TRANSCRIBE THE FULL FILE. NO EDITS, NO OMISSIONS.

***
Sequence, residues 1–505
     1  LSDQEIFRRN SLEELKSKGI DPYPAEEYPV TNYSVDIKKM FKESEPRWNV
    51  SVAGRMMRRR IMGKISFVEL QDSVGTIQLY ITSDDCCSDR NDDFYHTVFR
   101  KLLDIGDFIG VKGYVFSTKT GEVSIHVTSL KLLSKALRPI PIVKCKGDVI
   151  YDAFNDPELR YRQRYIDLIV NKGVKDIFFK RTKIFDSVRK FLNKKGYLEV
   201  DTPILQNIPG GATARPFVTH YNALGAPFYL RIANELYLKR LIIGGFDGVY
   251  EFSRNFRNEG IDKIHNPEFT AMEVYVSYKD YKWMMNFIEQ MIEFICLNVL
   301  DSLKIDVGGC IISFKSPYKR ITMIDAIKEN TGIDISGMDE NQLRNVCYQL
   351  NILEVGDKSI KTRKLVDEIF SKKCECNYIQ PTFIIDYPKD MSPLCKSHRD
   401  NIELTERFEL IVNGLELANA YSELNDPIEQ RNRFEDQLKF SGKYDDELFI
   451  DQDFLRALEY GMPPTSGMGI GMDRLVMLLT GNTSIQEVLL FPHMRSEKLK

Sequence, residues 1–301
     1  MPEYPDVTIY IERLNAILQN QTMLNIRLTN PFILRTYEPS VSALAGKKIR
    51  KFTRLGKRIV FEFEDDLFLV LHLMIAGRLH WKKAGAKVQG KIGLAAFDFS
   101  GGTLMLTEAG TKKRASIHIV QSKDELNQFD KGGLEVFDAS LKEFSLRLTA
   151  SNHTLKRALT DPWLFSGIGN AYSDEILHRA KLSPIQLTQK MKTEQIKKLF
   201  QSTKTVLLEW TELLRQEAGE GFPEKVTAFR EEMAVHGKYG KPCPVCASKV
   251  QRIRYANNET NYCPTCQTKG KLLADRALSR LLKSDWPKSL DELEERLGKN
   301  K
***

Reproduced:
Sequence, residues 1–505
     1  LSDQEIFRRN SLEELKSKGI DPYPAEEYPV TNYSVDIKKM FKESEPRWNV
    51  SVAGRMMRRR IMGKISFVEL QDSVGTIQLY ITSDDCCSDR NDDFYHTVFR
   101  KLLDIGDFIG VKGYVFSTKT GEVSIHVTSL KLLSKALRPI PIVKCKGDVI
   151  YDAFNDPELR YRQRYIDLIV NKGVKDIFFK RTKIFDSVRK FLNKKGYLEV
   201  DTPILQNIPG GATARPFVTH YNALGAPFYL RIANELYLKR LIIGGFDGVY
   251  EFSRNFRNEG IDKIHNPEFT AMEVYVSYKD YKWMMNFIEQ MIEFICLNVL
   301  DSLKIDVGGC IISFKSPYKR ITMIDAIKEN TGIDISGMDE NQLRNVCYQL
   351  NILEVGDKSI KTRKLVDEIF SKKCECNYIQ PTFIIDYPKD MSPLCKSHRD
   401  NIELTERFEL IVNGLELANA YSELNDPIEQ RNRFEDQLKF SGKYDDELFI
   451  DQDFLRALEY GMPPTSGMGI GMDRLVMLLT GNTSIQEVLL FPHMRSEKLK

Sequence, residues 1–301
     1  MPEYPDVTIY IERLNAILQN QTMLNIRLTN PFILRTYEPS VSALAGKKIR
    51  KFTRLGKRIV FEFEDDLFLV LHLMIAGRLH WKKAGAKVQG KIGLAAFDFS
   101  GGTLMLTEAG TKKRASIHIV QSKDELNQFD KGGLEVFDAS LKEFSLRLTA
   151  SNHTLKRALT DPWLFSGIGN AYSDEILHRA KLSPIQLTQK MKTEQIKKLF
   201  QSTKTVLLEW TELLRQEAGE GFPEKVTAFR EEMAVHGKYG KPCPVCASKV
   251  QRIRYANNET NYCPTCQTKG KLLADRALSR LLKSDWPKSL DELEERLGKN
   301  K